Astronomers

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What do they do?

Observe, research, and interpret astronomical phenomena to increase basic knowledge or apply such information to practical problems.

Also known as:

Assistant Professor, Associate Professor, Astronomer, Astronomy Professor, Astrophysicist, Observatory Director, Physics and Astronomy Professor, Professor, Research Scientist, Scientist, Space Sciences Director

Typical Wages

Annual wages for Astronomers in United States

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Projected Growth Rate

Employment of Astronomers is projected to grow 4 percent from 2018 to 2028, more slowly than average compared to all occupations.

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Projected Employment

No Data Available

Projected Employment Rankings For All United States:

  • 4.2%

    Percent Change

    Select a state to see its job growth rate ranking
  • 200

    Annual Projected Job Openings

    Select a state to see its net job growth ranking

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Typical College Majors

Majors that prepare Astronomers:

Indicates your preferred majors

★ Number of granted degrees for degree type, All, is listed after the major.

Education Level

  • Doctorate or Professional Degree (52.9%)
  • Master's degree (23.4%)
  • Bachelor's degree (23.7%)
  • Associate's degree (0%)
  • Some college, no degree (0%)
  • High school diploma equivalent (0%)
  • Less than high school diploma (0%)

Percent of workers in this field

★ You’re seeing education information for Astronomers(1) because we don’t have information for Astronomers. Please note the information may not be the same for both occupations.

Colleges that Prepare

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Skills

People in this career often have these skills:

  • Science - Using scientific rules and methods to solve problems.
  • Reading Comprehension - Understanding written sentences and paragraphs in work related documents.
  • Critical Thinking - Using logic and reasoning to identify the strengths and weaknesses of alternative solutions, conclusions or approaches to problems.
  • Active Learning - Understanding the implications of new information for both current and future problem-solving and decision-making.
  • Writing - Communicating effectively in writing as appropriate for the needs of the audience.
  • Mathematics - Using mathematics to solve problems.
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Knowledge

People in this career often know a lot about:

  • Physics - Knowledge and prediction of physical principles, laws, their interrelationships, and applications to understanding fluid, material, and atmospheric dynamics, and mechanical, electrical, atomic and sub- atomic structures and processes.
  • Mathematics - Knowledge of arithmetic, algebra, geometry, calculus, statistics, and their applications.
  • Computers and Electronics - Knowledge of circuit boards, processors, chips, electronic equipment, and computer hardware and software, including applications and programming.
  • English Language - Knowledge of the structure and content of the English language including the meaning and spelling of words, rules of composition, and grammar.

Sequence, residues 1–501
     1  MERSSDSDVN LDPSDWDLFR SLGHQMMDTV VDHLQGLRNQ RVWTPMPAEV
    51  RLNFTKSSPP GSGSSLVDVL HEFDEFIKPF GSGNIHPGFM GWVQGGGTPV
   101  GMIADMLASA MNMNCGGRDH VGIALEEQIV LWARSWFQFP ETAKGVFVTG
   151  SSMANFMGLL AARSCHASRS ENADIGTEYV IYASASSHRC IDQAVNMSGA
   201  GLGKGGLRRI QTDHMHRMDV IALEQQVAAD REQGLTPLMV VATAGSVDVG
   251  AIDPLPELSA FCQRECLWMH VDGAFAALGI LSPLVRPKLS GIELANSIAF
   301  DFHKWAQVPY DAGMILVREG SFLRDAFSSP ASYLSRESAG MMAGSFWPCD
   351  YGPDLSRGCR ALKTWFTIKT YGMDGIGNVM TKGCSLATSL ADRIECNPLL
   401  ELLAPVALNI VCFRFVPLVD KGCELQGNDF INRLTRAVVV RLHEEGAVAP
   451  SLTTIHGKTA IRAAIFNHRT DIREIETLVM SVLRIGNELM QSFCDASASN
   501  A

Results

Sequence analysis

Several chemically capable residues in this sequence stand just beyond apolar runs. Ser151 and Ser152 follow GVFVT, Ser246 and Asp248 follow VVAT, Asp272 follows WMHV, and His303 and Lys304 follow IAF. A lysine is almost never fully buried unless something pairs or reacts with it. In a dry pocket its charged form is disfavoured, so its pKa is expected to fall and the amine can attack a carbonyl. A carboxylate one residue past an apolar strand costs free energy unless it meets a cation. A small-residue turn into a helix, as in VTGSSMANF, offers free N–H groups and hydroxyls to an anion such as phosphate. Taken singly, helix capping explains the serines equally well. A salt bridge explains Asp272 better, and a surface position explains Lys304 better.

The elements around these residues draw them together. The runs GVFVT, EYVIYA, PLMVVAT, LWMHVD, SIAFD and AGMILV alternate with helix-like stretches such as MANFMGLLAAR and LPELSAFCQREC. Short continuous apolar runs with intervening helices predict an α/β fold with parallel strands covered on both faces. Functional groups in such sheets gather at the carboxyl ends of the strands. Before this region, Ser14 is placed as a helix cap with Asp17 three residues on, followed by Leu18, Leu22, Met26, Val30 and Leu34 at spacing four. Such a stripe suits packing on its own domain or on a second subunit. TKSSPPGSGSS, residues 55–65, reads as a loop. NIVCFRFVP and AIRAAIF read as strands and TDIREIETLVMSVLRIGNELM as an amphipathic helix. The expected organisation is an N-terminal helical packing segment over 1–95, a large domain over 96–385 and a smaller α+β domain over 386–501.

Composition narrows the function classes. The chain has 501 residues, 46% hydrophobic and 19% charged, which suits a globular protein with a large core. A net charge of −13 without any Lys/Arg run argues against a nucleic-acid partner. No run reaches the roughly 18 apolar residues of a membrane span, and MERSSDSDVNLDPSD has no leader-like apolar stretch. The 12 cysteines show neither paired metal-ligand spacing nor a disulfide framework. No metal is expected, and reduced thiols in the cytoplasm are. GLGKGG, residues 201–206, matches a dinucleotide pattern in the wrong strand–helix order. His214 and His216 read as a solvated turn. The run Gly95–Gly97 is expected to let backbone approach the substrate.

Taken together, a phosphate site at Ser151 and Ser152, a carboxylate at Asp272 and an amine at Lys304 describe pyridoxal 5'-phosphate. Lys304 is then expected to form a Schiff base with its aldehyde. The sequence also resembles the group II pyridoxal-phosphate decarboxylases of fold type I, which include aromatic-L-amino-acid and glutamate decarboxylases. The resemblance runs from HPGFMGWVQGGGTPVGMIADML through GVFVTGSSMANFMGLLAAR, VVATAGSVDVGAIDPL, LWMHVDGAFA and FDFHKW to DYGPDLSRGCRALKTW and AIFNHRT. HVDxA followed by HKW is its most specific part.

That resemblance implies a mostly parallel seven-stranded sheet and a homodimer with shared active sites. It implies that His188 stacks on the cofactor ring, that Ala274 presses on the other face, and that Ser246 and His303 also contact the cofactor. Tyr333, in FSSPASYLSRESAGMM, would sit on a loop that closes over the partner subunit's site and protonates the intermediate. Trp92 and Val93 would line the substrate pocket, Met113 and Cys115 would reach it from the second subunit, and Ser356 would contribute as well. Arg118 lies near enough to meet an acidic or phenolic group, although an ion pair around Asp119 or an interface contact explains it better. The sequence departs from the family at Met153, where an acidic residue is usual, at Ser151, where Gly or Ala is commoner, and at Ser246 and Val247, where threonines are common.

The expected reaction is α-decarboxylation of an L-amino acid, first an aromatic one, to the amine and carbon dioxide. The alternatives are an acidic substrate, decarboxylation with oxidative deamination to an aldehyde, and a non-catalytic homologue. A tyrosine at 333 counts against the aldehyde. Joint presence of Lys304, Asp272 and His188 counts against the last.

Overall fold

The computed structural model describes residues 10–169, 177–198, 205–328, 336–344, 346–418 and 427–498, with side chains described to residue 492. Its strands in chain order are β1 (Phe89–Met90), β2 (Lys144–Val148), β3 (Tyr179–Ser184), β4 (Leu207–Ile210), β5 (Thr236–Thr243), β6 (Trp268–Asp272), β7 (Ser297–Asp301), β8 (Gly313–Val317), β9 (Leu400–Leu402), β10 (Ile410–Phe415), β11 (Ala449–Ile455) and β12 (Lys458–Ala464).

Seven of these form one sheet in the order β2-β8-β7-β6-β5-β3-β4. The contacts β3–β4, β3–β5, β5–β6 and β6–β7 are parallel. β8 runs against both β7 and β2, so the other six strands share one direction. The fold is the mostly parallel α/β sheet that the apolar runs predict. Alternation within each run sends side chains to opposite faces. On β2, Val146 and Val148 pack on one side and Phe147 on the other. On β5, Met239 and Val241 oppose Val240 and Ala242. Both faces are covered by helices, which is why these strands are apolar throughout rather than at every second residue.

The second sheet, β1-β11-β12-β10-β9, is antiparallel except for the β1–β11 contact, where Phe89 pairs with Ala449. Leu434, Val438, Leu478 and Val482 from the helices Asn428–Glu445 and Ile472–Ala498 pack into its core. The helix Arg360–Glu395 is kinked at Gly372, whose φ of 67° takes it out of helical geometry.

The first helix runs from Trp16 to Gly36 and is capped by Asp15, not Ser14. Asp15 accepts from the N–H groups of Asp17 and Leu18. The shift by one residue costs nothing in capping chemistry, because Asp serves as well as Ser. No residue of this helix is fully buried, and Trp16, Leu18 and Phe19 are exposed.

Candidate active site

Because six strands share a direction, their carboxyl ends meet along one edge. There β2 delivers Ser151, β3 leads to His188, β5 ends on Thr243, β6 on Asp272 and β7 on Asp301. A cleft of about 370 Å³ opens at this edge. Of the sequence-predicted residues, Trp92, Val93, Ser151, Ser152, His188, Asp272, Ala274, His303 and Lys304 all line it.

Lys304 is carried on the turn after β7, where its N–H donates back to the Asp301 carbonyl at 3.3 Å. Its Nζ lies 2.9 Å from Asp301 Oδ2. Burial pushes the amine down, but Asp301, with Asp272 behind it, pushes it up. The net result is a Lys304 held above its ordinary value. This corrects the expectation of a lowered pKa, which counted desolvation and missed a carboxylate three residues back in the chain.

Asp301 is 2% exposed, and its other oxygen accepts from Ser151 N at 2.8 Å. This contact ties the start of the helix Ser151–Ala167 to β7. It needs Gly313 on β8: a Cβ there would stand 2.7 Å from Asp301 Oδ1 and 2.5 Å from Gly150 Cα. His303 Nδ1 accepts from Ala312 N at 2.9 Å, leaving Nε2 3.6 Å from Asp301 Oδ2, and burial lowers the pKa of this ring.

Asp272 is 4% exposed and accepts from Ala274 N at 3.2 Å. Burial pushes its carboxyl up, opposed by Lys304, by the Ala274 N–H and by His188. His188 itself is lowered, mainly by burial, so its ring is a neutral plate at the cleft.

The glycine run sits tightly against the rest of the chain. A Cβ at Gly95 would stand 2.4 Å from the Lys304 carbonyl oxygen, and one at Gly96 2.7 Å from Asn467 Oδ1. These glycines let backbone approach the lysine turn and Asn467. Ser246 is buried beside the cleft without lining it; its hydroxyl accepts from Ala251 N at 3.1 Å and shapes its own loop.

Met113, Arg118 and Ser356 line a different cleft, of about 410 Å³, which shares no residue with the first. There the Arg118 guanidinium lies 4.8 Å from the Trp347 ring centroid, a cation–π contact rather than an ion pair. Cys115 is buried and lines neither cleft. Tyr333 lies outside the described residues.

• Education and Training - Knowledge of principles and methods for curriculum and training design, teaching and instruction for individuals and groups, and the measurement of training effects.
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Abilities

People in this career often have talent in:

  • Deductive Reasoning - The ability to apply general rules to specific problems to produce answers that make sense.
  • Inductive Reasoning - The ability to combine pieces of information to form general rules or conclusions (includes finding a relationship among seemingly unrelated events).
  • Mathematical Reasoning - The ability to choose the right mathematical methods or formulas to solve a problem.
  • Oral Comprehension - The ability to listen to and understand information and ideas presented through spoken words and sentences.
  • Written Comprehension - The ability to read and understand information and ideas presented in writing.
  • Oral Expression - The ability to communicate information and ideas in speaking so others will understand.
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Activities: what you might do in a day

People in this career often do these activities:

  • Develop theories or models of physical phenomena.
  • Collaborate on research activities with scientists or technical specialists.
  • Prepare scientific or technical reports or presentations.
  • Instruct college students in physical or life sciences.
  • Develop software or applications for scientific or technical use.
  • Review professional literature to maintain professional knowledge.
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This page includes data from:

O*NET OnLine Career data: O*NET 24.3 Database by the U.S. Department of Labor, Employment and Training Administration (“USDOL/ETA”). Used under the CC BY 4.0 license. O*NET® is a trademark of USDOL/ETA

Occupation statistics: USDOL U.S. Bureau of Labor Statistics Occupational Employment Statistics

careeronestop logo Videos: CareerOneStop, USDOL/ETA and the Minnesota Department of Employment & Economic Development

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